There is no more complicated and yet desired thing like love. To have a perfect relationship is the goal of many people but not everyone knows what this perfection consists of, how to find the ideal partner and even the secrets to keep this long-awaited fairy tale.
To help us better understand this, Relationship Therapist Dr. R and Relationship Counselor @Mz_Ash agreed to answer some of the most common love questions from users of this site and even from the world.
• First, can you tell a little bit about you and what you do? Are you good at giving love advices to other people?
Ash: I am a relationship blogger and editorial contributing writer. I offer private consulting with clients who seek my guidance in greater attention and detail, usually about a particular area of focus.
I am married and currently reside along coastal Carolina.
I aim to help others in the best way I can. My advice isn't for everyone and not every client is for me either, and that's perfectly okay.
You can find my website at DamesThatKnow.com
Dr. R.: Yes, I am a relational therapist and researcher. I have received specific training and experience helping couples and individuals with sexual issues in their lives. As a therapist I don’t see that it is my job or responsibility to give love or relationship advise. I see myself as more of a coach, teacher, and at times cheerleader who focuses on helping couples and individuals identify and make changes in their lives that they see as being beneficial. That being said I give my all in the therapeutic process and have seen professional success as a result of my work.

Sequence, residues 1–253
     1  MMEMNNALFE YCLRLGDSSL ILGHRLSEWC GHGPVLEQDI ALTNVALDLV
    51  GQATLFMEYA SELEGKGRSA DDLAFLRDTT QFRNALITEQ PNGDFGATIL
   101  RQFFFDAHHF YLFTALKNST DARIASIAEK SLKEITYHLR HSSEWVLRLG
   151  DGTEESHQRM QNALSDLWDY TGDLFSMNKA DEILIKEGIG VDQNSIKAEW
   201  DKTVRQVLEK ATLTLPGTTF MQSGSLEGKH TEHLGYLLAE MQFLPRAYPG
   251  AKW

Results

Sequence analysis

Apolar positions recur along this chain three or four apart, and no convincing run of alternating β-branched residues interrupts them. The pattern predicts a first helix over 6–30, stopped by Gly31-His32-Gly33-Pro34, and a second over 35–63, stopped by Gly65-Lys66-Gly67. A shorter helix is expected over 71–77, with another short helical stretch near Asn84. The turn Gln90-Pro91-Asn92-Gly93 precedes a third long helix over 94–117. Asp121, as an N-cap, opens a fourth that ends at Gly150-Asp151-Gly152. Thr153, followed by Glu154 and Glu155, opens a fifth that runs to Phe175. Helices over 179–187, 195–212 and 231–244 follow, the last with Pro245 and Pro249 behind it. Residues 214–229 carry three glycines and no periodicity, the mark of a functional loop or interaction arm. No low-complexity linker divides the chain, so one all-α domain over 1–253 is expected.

• As a relationship expert, what's the most important thing for a successful relationship?
Ash: I would say the most important thing for a successful relationship is compatibility. Things don't have to be perfect, but two people generally have to be on the same page about the foundational principles of a relationship. They must be able to naturally get along most of the time without conflict.
Dr. R.: Humans are complicated creatures and when two or more interact and form some kind of relationship the complexity is amplified. Among all these complexities are personal core values and interpersonal communication skills among many other things. I believe that possessing an ability and willingness to navigate these personal values through interpersonal skills is one of the most important aspects to any relationship romantic or otherwise. As imperfect people we all navigate this space together and experience success and failure on a number of different levels in this arena on a daily basis.
• About cheating, do you believe "once a cheater, always a cheater" ? What's you definition of cheating?
Ash: There are several ways one can define cheating, but what matters is what you consider a violation of the relationship and how well you have communicated that with your partner. You get to set the parameters of what you will and will not find acceptable behavior. I don't necessarily believe “Once a cheater, always a cheater” in every case, but in many cases, sadly people are repeat offenders.
Dr. R.: When it comes to infidelity or any other human behavior I believe that we are all agents of change in our own lives and as such always have the ability to change our own behavior. What this means is I do not ascribe to the idea of once a cheater always a cheater, if that statement were true my job would be largely meaningless. I view every one as being capable of engaging in a variety of behaviors including infidelity and on the other side of that coin I view everybody as being someone who can choose to change their behavior. Fidelity in a relationship is dependent on what the socially agreed upon rules are of that relationship. For many individuals intimate, committed, romantic relationships are governed by a rule or expectation that each member of the relationship will not engage in a certain level of intimacy (emotional or physical/sexual) with someone other than their partner. This social rule that defines infidelity in this way is heavily influenced by culture, religious views and traditions, personal beliefs, and laws in some areas of the world.